Electric vehicles, mobility trends shape the future of revamped Detroit Auto Show

While some of the latest cars, trucks and SUVs are on display, this year’s Detroit Auto Show has more than just consumer vehicles.

2023 Ford Mustang EV

Detroit’s North American International Auto Show (NAIAS) opens this weekend at Huntington Place for the first time in over three years. It marks the long-anticipated debut of the event’s summer format.

A lot has changed since the city’s last auto show in January 2019, but there are some familiar festivities, like the dramatic vehicle unveilings.

The seventh generation Ford Mustang and the final edition of the Chrysler 300 were both revealed this week. Futuristic concept cars like the Buick Wildcat are also on display.

Listen: A look inside the 2022 Detroit Auto Show


Test Tracks

New for this year are test tracks that attendees can ride on in the latest trucks and SUVs.

That includes a Jeep off-road course, featuring a roughly two-story tall hill with a steep drop. It’s where Jeep driver Zack Castles shows off the braking power of the Jeep Wrangler Rubicon 4xe.

“I’m gonna stop right here at 40 degrees,” Castles explains. “Realistically we could put the vehicle in park if we wanted to.”

At the bottom of the hill, Castles drives over about a dozen concrete stairs. It’s an obstacle the average motorist might face — if you park your car on a front porch.

“The stairs are kind of a funny twist on it, but we’re demonstrating ground clearance,” says Castles. “We’re getting right around 11 inches of ground clearance.”

At the Ford display, Dave Marchioni is taking people for rides in one of the hottest new vehicles — the F-150 Lightning EV pickup.

“I love the ride-alongs,” says Marchioni. “We’ve been fortunate to have a bunch of people that were suppliers or have worked on the vehicles, that have actually gotten a chance to ride in them.”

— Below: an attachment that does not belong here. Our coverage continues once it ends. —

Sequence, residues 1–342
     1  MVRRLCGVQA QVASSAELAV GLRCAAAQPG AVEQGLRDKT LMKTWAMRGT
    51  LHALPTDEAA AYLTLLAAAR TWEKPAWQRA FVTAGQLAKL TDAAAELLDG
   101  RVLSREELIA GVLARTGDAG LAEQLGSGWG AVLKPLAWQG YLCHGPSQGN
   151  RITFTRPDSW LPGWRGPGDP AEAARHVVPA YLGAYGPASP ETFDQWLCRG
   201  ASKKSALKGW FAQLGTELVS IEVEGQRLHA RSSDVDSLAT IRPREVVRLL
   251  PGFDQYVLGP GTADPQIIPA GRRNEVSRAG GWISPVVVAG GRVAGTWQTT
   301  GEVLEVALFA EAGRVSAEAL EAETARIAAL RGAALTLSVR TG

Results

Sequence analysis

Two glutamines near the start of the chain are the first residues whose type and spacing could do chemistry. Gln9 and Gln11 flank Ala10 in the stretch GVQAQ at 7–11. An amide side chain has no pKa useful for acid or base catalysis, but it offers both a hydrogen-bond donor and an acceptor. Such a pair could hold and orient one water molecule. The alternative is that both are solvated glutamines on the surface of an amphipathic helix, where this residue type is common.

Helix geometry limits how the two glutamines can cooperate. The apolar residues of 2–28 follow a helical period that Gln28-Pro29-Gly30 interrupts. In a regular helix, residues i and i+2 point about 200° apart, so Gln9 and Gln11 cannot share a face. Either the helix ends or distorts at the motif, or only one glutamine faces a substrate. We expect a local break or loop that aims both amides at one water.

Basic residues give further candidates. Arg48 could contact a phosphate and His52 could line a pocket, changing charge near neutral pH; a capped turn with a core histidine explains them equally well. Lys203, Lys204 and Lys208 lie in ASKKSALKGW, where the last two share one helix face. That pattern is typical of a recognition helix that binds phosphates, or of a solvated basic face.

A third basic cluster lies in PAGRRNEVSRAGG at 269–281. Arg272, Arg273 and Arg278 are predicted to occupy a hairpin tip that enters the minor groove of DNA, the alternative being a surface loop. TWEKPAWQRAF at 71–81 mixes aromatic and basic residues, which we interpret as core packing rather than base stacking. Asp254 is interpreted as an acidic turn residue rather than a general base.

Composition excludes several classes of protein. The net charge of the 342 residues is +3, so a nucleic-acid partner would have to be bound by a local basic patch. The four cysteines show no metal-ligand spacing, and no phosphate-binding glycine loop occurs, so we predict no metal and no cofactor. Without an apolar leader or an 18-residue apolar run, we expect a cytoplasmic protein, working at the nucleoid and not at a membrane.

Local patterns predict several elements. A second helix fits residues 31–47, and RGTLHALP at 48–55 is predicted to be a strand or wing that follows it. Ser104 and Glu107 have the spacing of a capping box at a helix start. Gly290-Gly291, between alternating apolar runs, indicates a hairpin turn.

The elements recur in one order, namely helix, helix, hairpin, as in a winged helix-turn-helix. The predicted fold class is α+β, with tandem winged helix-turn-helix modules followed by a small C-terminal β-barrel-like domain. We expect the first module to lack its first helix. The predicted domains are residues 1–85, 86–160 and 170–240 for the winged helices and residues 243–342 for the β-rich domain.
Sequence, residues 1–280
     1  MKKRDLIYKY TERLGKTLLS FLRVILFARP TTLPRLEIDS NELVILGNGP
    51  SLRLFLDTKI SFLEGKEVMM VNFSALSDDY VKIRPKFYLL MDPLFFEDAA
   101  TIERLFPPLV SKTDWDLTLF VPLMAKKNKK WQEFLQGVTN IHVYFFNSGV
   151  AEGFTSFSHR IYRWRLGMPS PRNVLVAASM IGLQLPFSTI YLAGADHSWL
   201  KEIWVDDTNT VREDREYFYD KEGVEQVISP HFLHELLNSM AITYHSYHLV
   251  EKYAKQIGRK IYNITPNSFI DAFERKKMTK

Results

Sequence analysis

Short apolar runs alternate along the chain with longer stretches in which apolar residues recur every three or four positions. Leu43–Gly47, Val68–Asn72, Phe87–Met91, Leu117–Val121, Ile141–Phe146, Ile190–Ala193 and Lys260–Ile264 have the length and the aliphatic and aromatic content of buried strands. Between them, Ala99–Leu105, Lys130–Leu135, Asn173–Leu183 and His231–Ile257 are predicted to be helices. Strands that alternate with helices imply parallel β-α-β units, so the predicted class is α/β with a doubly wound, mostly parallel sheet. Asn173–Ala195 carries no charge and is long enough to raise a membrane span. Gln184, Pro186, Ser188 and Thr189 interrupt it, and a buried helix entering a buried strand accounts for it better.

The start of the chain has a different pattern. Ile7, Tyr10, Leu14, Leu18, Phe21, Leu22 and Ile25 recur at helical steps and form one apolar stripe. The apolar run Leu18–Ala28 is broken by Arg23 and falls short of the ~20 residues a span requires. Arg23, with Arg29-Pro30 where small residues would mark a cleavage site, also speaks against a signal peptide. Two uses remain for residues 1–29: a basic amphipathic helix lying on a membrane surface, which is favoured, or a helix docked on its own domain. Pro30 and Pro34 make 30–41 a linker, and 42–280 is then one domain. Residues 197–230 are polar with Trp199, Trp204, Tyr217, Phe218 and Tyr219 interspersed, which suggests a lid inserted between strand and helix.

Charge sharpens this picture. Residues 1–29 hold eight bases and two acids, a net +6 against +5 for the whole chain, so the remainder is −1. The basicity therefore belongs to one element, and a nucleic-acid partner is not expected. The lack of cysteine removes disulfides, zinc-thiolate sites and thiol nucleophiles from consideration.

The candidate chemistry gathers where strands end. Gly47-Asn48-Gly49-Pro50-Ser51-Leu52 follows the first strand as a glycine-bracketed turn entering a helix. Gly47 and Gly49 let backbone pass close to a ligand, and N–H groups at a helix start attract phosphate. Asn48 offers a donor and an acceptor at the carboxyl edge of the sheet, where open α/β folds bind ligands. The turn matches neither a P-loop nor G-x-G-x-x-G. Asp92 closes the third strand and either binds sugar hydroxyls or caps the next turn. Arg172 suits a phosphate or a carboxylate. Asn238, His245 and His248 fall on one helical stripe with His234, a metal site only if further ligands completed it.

The test tracks are the fulfillment of an idea auto show organizers said could be possible by moving the event to the warm weather season.

But the elephant in the room is the cars that aren’t in the room. These test tracks are setup indoors because fewer vehicles are on the show floor compared to year’s past.

Political Power

The auto show still draws politicians who want to generate positive PR buzz, like Michigan Gov. Gretchen Whitmer and Lieutenant Gov. Garlin Gilchrist

Pete Buttigieg steps out of a Ford F-150 Lightning.
Pete Buttigieg steps out of a Ford F-150 Lightning.

President Joe Biden, who is a self-proclaimed “car guy,” and U.S. Transportation Secretary Pete Buttigieg, were both at the auto show Wednesday during media day. Marchioni says he gave Buttigieg a ride in the F-150 Lightning.

“It was very nice to have him in the truck,” Marchioni says. “I got to startle him a little bit with some torque.”

Oakland County Executive Dave Coulter was also in attendance, networking with industry officials who he says have a big footprint in his region.